"The chemical reaction produced when mixing vinegar and baking soda can break down and deteriorate the parts within your drain, especially after repeated use," warns Peter Clayton. "This is particularly an issue for rubber seals, as well as weak or old pipes that corrode at a much quicker rate. As these parts break down they can accumulate in the drain blocking it further and eventually leading to more serious issues like leaking or even burst pipes. A leak can result in serious damage to your property and be costly to fix so it is important to avoid this at all costs".
Alternative ways to unblock a drain
"It may seem old school but using a plunger is often the most effective way to unclog a blocked drain," says Peter Clayton. "This method takes some elbow grease, as well as patience, but it is well worth it once your pipes are unblocked and damage free".
This is how to use a plunger to unblock a drain:
- Fill the sink with a thin layer of water and place the plunger securely over the drain.
- Plunge for 30 seconds to a minute and release.
- Repeat this step until you have released as much debris as possible.
- Follow with some hot soapy water to flush the remaining grime out of the pipes.
"Another alternative to baking soda and vinegar, which is still environmentally friendly, is a drain snake," says David Cruz from MyJobQuote.co.uk. "This is a long flexible auger which can be used manually or on the end of a drill. It is used to dislodge clogs and blockages in drains without the need for chemicals".
“You can even use a dark, carbonated drink like Coca Cola to unblock a bathroom sink," adds James Roberts, Director of Sanctuary Bathrooms. "It may not be the most effective, as it does take a while to work, but it can dislodge some of the dirt or blockage, and is a cost-effective short term solution".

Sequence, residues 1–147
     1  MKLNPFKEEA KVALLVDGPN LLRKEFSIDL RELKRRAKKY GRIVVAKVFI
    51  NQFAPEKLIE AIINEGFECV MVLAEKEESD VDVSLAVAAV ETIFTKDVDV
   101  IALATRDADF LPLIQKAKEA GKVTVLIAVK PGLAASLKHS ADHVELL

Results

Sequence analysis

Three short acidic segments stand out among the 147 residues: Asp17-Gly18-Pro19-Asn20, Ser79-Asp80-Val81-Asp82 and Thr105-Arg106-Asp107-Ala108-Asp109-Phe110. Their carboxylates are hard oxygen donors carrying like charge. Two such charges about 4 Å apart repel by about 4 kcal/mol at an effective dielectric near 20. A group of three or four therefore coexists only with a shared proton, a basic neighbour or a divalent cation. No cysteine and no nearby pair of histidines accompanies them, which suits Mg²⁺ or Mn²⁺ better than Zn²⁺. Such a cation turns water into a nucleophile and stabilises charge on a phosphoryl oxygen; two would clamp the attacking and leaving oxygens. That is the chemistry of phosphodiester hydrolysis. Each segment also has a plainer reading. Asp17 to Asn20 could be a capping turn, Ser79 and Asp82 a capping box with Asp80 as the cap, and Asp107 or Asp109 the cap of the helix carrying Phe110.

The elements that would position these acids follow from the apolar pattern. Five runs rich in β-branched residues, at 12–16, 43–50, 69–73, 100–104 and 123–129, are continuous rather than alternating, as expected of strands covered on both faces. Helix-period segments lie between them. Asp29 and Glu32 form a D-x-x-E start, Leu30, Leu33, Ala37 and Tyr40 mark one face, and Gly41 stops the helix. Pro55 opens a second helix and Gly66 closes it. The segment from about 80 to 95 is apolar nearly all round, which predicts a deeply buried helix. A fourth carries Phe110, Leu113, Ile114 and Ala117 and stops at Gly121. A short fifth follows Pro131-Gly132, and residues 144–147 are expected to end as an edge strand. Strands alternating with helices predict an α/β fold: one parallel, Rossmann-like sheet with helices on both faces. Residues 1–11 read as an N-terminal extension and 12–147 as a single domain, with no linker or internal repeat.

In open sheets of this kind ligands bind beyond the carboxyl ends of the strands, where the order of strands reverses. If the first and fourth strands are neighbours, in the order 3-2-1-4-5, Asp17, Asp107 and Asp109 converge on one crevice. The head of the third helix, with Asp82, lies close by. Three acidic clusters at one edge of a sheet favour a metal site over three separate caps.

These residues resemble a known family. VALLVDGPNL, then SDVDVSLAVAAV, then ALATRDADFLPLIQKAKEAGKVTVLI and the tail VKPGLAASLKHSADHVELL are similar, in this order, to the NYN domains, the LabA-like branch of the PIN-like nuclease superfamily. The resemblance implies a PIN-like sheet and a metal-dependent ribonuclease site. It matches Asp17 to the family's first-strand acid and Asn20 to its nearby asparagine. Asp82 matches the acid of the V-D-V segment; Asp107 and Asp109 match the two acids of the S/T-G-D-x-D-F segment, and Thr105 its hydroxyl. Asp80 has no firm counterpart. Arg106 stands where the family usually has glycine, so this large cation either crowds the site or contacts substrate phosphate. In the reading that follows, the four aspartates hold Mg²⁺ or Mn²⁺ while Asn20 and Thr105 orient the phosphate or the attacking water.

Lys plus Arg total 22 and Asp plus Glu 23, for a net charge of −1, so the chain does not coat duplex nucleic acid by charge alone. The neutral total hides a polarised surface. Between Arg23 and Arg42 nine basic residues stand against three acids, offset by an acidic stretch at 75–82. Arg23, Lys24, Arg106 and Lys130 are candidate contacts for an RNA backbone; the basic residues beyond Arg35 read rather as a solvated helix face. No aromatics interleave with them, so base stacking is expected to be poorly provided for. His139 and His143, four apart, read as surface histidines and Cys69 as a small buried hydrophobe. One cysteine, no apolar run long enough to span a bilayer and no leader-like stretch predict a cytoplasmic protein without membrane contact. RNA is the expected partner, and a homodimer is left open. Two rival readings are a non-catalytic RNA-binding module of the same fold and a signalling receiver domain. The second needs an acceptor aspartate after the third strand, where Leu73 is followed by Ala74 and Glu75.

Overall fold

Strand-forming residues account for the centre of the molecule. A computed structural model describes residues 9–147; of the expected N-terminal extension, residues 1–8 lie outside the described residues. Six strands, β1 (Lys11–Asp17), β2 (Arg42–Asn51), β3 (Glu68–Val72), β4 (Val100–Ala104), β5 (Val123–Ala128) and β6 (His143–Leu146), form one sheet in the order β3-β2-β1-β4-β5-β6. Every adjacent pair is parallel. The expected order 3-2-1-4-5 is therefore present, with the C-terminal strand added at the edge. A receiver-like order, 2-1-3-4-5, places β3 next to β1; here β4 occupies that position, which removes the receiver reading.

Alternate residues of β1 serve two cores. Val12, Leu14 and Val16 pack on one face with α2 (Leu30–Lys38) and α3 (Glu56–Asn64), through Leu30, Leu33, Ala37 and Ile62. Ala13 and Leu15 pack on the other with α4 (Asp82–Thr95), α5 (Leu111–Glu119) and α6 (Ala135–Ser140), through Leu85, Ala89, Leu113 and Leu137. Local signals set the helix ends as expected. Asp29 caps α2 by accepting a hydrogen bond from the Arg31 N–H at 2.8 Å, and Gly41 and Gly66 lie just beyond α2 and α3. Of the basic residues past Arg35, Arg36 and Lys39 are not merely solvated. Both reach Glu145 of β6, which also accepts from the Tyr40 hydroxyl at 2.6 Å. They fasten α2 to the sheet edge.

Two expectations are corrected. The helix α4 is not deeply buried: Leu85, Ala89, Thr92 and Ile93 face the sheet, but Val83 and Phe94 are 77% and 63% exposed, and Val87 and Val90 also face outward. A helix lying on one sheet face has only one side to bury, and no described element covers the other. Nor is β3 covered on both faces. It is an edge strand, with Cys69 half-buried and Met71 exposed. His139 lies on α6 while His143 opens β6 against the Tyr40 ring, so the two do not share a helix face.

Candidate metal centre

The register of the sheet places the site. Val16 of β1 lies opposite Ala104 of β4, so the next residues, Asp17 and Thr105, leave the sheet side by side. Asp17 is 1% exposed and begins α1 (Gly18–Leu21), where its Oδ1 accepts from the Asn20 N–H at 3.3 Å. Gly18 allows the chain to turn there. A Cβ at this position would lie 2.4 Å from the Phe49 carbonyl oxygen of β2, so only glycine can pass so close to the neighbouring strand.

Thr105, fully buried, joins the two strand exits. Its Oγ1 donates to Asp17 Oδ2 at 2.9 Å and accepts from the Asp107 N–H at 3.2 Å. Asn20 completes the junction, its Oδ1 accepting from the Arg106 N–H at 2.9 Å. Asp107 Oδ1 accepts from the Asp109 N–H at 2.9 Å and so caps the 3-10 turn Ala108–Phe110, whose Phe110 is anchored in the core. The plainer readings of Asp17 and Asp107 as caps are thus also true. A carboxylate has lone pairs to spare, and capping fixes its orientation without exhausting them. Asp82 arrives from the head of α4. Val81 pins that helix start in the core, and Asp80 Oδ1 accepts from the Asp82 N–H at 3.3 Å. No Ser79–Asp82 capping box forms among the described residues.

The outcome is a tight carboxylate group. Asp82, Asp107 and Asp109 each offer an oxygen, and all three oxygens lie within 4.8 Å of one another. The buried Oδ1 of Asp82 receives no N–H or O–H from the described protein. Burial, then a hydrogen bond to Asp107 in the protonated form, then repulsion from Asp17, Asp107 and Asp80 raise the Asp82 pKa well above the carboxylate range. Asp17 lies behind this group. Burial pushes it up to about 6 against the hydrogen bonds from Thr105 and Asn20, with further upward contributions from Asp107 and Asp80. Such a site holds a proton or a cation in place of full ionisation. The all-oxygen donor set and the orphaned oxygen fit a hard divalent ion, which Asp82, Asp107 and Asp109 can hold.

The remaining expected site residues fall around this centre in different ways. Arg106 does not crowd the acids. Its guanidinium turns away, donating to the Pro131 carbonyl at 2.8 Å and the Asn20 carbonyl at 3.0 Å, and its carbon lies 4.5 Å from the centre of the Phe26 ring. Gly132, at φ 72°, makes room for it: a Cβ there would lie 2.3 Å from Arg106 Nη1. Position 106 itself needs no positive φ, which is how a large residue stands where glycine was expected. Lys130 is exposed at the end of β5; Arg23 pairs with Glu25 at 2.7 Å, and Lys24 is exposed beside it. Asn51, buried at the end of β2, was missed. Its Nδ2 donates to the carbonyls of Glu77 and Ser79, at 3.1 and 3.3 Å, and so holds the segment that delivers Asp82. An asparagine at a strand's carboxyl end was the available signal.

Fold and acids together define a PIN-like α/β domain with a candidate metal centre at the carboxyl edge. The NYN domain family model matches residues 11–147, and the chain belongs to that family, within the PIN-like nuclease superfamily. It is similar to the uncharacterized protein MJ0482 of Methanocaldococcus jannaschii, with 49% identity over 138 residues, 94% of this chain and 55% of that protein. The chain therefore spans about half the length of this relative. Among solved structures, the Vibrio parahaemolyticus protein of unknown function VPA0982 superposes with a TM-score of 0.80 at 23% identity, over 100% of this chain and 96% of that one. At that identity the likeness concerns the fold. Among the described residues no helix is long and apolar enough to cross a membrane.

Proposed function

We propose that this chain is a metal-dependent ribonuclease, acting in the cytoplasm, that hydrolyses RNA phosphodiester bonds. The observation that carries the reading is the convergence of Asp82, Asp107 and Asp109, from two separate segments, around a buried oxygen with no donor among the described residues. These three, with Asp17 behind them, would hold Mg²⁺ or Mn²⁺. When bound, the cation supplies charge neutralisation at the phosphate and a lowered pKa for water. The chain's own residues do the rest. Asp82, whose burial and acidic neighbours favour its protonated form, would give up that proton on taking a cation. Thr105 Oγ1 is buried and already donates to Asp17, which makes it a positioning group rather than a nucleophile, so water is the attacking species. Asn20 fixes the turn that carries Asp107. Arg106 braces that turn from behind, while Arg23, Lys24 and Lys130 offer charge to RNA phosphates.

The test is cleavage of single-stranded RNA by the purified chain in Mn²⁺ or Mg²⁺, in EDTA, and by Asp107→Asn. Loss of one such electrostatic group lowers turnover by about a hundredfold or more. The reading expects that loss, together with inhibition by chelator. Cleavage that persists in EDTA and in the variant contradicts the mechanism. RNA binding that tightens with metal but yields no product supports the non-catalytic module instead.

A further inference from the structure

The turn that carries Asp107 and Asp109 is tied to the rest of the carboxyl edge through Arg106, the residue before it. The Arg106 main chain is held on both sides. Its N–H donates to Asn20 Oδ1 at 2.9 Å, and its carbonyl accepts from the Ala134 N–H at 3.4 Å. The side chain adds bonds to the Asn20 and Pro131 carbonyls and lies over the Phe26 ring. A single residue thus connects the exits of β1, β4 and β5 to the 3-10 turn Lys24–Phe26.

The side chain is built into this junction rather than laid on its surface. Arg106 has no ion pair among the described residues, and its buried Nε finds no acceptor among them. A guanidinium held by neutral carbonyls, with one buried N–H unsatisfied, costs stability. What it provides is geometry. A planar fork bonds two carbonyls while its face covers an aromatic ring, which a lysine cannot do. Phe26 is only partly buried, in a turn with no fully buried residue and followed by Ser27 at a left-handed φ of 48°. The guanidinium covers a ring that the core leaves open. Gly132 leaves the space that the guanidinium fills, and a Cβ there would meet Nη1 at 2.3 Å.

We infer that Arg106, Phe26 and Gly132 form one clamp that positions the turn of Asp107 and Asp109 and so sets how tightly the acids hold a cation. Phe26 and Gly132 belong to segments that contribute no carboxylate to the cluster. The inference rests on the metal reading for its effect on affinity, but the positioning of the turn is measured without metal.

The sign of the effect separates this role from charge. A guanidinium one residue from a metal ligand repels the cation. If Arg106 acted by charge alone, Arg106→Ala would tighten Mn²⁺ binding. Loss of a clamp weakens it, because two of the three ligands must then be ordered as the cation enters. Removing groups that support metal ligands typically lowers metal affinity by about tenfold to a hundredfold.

Can you use baking soda and vinegar to clean your sink?
Pouring baking soda and vinegar down your drain might not be the best idea for the reasons outlined above. But this affordable homemade solution can still come in handy when cleaning kitchen sinks and bathrooms.
Mix together a ratio of 1:2 parts baking soda to vinegar and use an old toothbrush to rub small amounts of the solution onto persistent stains and areas where you need to remove a build up of grime.
How often should you clean your drain?
"It’s good practice to run very hot water in your kitchen sink at the end of each day. Adding some washing-up liquid will help to dissolve any grease that has gotten into your drain," says David Cruz. "Shower traps should be cleaned out weekly to remove any hair that has built up there."
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Gabriella is Homebuilding & Renovating's Assistant Editor. She is a DIY enthusiast and a lover of all things interior design. She’s spent the past decade crafting copy for regional publications, award-winning architects, and leading UK homeware brands.
She has a particular passion for historic buildings and listed properties, and she is currently in the process of renovating a Grade II-listed Victorian coach house in the West Country. At Homebuilding & Renovating Magazine, Gabriella is responsible for curating the magazine's home case studies and regularly contributes to the Homebuilding website.